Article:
Paradise lost?

“Undoubtedly, without a sensible binding agreement that would tackle climate change head-on, the future of the Maldives and other climate vulnerable nations is doomed”

High Commissioner Farah Faizal says the leaders meeting at Copenhagen have it in their power to save the Maldives – or sign its death warrant

My three-year-old daughter loves singing ‘Under the Sea’, from Disney’s Little Mermaid. It always makes me wonder whether this is where her future lies or perhaps that of her children? With the average height of our island nation being only 1.5m above sea level, the IPCC’s forecast of a rise in sea levels of at least 18cm by the end of the century certainly seems to make that a very frightening possibility.

The Maldives is of course known as a paradise for those who have visited the country. With tropical sunshine all year round, white sandy beaches and crystal clear lagoons, our 1,200 islands are indeed a holidaymaker’s dream destination.

Death of a civilisation

However reality closer to home is far from heavenly. In recent years, changing weather patterns have created havoc, bewildering our fishermen and affecting the fish catch. Coastal erosion is taking place in several islands at an alarming rate. If the world just stood by and watched, we could be talking about the possible death of a 2000-year-old island culture that had incidentally contributed the word ‘atoll’ (Atholhu in the local language, Dhivehi) to the English dictionary.

That is why the Maldives is doing its best to highlight its plight and that of other vulnerable small states to the international community and is hoping that the COP-15 would enable a momentous and legally binding deal that would ensure the survival of our countries.

Vulnerable voices

The now legendary underwater cabinet meeting, the first of its kind, held in October this year, is just one example of those attempts to draw attention to the vulnerability of the country to climate change. Others include hosting the Climate Vulnerable Forum in the Maldives in November this year where 11 Heads of State and Ministers from some of the world’s most climate vulnerable countries called on the international community to redouble their efforts at reaching a binding, ambitious, fair and effective agreement.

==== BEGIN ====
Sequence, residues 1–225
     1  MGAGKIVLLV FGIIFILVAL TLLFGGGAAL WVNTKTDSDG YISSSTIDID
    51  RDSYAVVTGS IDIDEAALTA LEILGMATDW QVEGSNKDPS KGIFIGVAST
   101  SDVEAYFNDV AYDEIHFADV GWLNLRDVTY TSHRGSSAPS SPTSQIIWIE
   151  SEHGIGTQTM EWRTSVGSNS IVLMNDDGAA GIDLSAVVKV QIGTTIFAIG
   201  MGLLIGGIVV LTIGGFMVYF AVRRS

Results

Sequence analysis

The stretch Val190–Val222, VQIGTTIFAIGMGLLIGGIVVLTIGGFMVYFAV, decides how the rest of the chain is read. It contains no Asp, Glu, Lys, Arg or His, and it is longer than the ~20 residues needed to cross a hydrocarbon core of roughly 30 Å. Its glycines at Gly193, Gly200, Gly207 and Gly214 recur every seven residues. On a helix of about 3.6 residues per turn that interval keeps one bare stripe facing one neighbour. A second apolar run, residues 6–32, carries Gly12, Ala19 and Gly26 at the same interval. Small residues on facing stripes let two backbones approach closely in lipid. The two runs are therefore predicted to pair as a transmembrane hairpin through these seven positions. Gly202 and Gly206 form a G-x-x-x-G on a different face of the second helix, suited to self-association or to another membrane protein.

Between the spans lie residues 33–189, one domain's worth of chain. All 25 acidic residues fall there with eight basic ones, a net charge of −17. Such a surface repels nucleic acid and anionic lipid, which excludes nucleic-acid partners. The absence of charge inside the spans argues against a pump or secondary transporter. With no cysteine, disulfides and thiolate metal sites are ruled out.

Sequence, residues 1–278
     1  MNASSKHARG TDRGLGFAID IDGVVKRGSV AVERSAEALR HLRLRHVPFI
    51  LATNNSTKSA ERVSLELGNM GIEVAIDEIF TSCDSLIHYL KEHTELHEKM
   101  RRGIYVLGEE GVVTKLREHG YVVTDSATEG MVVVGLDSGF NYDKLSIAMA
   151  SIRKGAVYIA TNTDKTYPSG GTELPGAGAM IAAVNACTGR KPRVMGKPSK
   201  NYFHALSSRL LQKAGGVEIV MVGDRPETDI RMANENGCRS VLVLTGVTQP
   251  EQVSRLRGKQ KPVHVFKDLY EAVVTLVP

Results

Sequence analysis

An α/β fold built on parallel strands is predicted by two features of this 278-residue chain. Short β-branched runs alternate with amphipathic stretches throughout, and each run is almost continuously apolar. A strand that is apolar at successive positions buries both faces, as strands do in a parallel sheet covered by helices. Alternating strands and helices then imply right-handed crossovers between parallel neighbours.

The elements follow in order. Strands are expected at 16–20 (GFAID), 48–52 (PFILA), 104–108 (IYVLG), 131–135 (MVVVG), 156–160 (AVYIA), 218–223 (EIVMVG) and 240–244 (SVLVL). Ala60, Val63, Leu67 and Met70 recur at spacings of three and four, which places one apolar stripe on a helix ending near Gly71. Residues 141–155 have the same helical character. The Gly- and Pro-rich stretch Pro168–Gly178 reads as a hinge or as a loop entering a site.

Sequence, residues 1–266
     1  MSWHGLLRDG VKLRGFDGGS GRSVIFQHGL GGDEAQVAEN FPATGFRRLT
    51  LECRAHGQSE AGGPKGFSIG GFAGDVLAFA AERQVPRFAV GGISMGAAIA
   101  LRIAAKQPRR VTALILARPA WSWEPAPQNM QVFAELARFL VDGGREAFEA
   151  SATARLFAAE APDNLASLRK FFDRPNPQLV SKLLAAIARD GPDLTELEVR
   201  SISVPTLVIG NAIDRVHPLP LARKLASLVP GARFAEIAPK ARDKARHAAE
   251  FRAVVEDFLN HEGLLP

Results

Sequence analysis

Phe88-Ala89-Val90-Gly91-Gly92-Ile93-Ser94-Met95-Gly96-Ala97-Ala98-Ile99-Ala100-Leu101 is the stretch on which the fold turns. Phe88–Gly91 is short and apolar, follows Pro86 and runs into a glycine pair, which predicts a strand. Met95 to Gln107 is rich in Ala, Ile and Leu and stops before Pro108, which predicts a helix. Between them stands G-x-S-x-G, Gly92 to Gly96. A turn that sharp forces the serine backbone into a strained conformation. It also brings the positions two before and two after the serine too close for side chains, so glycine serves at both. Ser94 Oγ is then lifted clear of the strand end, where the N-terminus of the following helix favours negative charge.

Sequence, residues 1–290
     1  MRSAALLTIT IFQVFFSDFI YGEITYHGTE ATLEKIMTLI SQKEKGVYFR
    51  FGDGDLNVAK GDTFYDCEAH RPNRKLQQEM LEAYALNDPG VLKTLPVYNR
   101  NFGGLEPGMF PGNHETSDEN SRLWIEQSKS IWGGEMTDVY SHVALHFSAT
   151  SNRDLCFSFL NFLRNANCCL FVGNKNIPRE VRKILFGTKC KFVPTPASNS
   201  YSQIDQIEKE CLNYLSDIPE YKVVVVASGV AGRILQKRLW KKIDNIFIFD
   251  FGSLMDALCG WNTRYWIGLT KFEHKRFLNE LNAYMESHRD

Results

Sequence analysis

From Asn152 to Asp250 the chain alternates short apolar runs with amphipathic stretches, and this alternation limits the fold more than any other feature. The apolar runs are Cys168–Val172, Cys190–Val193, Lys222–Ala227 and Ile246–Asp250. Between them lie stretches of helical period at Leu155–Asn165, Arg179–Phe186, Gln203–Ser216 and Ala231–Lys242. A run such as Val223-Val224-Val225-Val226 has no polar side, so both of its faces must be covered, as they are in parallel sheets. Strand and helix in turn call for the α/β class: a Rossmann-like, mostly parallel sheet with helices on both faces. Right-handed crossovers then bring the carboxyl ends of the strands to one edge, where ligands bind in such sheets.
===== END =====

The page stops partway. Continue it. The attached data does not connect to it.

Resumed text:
But we want to go beyond just calling for help. The Maldives is determined to go carbon-neutral by the year 2020 and already the first steps towards it are being put in place. A project to install a wind farm that will deliver enough to provide electricity to the capital Male’, the international airport and nearby resorts was launched last month. Other similar renewable energy projects will follow soon. As President Nasheed stated: “We want to shine a light, not loudly demand that others go first into the dark”.

However, the Maldives going carbon-neutral is not going to make a difference to the actual greenhouse gas emissions internationally. The key to real change lies with the leaders meeting in Copenhagen. It is a historic moment in which the world leaders can either save us or sign our death warrant.

Joint effort

Both developed and developing countries must agree to reduce emissions to ensure that the global average surface warming stays below 1.5 °C; together with a meaningful financial package to assist in adaptation measures for vulnerable countries. Undoubtedly, without a sensible binding agreement that would tackle climate change head-on, the future of the Maldives and other climate vulnerable nations is doomed.
And a country ‘under the sea’ may not be just something for a children’s movie but a tragic reality for us Maldivians.

Above and below: The Maldives cabinet meets under the sea to draw attention to global warming